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By John B. Watson

Excerpt from Psychology From the point of view of a Behaviorist

While the anxious procedure, muscular tissues and glands were given slightly precise therapy in chapters, it really is learned that merely the especially scholar will grasp them. they are often passed over with no injuring the continuity of the textual content. i've got given only a few neurological schemes and mind images within the closing elements of the textual content, simply because, commonly, such static pic tures intervene with the student's seize of functionality. At most sensible, they're lazy substitutes for a extra thorough examine of the func tion itself.

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A t present there is no way of using instrumentation where the individual or group has to be observed for long periods of time, as, for example, in sleep, reaction of crowds to emotionproducing stimuli, and the influence of children upon each other. —In general, in most psychological investigations of the laboratory type, where accuracy and control in observation are demanded, the experimenter makes his observations upon one, or, at best, a few subjects. In addition to the instruments necessary to make observations, we must control certain aspects of the subject's environment—depending upon the nature of the experiment, we place him in a dark room, or in a well-lighted room; we leave him in the room alone, or make him react before other people.

Leads the psychologist into the psychiatric clinic if he wishes to prepare himself to the fullest extent. Business and law are making ever and ever larger demands upon him. Some familiarity with legal and business problems is almost essential. Finally, in order to handle adequately experimental data some training in the use of statistical methods is needed. I f a start is made early enough by the student who is preparing for psychology, he can obtain training in the above related branches before he begins his special study of psychology.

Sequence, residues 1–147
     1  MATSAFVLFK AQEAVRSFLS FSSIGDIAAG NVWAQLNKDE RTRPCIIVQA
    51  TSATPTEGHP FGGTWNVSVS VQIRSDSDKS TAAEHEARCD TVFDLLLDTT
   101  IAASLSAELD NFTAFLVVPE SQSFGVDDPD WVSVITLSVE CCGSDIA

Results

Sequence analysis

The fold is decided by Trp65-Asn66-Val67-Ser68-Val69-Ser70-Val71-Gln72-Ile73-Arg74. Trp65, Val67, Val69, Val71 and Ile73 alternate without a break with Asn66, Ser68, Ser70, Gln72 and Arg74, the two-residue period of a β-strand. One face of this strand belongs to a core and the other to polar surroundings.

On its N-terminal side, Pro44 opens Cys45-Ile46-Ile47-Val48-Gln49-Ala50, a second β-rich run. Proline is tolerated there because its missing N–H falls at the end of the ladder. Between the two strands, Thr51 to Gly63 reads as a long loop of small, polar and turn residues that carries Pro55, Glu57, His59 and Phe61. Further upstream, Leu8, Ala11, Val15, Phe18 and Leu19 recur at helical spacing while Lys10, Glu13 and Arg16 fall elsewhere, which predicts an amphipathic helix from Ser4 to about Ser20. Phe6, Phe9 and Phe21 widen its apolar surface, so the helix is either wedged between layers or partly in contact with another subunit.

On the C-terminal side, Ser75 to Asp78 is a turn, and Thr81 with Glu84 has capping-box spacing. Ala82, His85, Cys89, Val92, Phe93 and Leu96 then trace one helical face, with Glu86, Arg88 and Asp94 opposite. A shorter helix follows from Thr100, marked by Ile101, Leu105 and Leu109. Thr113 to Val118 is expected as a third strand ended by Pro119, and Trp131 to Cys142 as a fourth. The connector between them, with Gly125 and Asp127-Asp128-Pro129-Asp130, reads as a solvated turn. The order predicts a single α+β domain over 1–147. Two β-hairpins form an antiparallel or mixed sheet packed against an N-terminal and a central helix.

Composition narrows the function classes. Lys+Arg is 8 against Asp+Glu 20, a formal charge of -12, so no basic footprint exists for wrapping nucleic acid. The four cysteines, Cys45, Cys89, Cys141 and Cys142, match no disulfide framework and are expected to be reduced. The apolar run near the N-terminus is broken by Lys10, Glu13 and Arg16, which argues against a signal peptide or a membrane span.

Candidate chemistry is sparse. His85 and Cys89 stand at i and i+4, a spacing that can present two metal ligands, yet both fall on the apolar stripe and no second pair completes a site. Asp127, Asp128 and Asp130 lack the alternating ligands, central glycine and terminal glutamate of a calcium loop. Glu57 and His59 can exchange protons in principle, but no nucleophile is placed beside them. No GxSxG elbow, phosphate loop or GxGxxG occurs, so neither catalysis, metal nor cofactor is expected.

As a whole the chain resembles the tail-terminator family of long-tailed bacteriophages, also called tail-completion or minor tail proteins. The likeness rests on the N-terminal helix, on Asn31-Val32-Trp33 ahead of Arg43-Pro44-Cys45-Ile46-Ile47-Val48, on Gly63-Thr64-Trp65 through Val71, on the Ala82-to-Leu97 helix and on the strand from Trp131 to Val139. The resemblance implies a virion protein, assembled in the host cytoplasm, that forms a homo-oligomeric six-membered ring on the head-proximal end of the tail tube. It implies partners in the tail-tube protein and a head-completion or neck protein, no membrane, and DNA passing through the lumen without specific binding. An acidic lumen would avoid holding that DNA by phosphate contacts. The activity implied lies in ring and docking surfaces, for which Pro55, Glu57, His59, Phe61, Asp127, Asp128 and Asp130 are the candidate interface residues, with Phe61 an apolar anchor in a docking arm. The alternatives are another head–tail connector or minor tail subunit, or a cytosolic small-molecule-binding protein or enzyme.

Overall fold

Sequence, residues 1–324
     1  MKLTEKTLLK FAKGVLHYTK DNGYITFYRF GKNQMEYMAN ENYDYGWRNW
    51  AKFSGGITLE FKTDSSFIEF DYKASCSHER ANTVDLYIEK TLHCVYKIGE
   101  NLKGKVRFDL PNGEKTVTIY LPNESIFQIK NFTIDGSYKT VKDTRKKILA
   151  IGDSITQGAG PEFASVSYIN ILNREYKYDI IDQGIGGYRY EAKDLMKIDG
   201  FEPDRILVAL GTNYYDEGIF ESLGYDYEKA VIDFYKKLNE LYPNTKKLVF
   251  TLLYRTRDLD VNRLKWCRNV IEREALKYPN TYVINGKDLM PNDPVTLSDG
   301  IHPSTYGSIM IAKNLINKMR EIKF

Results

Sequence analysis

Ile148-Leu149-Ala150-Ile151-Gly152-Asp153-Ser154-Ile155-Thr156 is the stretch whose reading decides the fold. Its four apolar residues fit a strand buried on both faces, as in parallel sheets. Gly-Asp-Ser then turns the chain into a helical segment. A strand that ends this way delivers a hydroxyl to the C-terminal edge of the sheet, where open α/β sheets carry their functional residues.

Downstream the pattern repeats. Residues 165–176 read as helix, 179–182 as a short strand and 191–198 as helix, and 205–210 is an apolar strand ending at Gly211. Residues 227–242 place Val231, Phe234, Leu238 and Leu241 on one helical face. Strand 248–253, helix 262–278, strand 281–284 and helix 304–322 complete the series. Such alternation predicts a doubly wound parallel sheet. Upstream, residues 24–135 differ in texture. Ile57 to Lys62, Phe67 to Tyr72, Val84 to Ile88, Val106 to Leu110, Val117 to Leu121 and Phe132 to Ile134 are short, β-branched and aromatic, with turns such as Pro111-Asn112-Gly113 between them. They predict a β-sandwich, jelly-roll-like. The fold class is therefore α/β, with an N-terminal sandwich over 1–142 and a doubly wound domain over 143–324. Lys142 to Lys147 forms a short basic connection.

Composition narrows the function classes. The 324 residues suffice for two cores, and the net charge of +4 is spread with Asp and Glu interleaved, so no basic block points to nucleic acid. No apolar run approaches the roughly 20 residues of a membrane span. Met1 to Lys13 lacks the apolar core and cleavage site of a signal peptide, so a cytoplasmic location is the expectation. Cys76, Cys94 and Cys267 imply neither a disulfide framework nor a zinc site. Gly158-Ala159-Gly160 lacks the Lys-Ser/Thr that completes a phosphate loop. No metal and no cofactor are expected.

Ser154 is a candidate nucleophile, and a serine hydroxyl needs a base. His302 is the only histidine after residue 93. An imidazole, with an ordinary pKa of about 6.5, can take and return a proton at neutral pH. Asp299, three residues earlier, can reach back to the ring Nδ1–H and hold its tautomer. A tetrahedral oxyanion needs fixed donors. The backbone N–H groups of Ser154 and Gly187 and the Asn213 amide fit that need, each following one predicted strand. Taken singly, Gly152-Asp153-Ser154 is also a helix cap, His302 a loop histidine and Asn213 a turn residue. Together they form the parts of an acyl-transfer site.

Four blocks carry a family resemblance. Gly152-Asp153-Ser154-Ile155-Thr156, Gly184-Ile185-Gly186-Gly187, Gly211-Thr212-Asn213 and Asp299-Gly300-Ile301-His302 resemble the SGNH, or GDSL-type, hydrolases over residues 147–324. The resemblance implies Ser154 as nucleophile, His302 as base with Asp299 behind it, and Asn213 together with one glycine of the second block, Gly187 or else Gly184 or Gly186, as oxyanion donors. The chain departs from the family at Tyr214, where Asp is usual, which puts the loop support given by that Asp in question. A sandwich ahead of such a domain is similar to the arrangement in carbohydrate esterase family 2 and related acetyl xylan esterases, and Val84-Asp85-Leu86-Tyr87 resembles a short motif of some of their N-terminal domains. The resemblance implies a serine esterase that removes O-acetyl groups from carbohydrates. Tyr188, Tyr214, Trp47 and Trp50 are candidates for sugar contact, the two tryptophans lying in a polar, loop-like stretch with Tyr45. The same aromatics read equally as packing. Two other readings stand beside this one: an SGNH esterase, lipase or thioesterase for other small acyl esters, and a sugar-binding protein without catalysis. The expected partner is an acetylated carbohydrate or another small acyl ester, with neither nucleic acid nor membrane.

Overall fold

Certain divisions of psychology have all but resisted the use of instrumentation. There have been few experimental studies upon emotional reactions (page 198), few upon internal muscular reactions, and, until recently, few upon the internal responses connected with hunger, thirst, and the temperature responses to stimulation of the alimentary tract. Few, if any, experiments have succeeded in bringing the sub-vocal mechanisms under control. Indeed, many of the glandular responses have, from a psychological standpoint, not been touched—for example, the possible conditioned reflexes which we may find in the thyroid, adrenal, and sex glands, and in the secretions of the kidneys.

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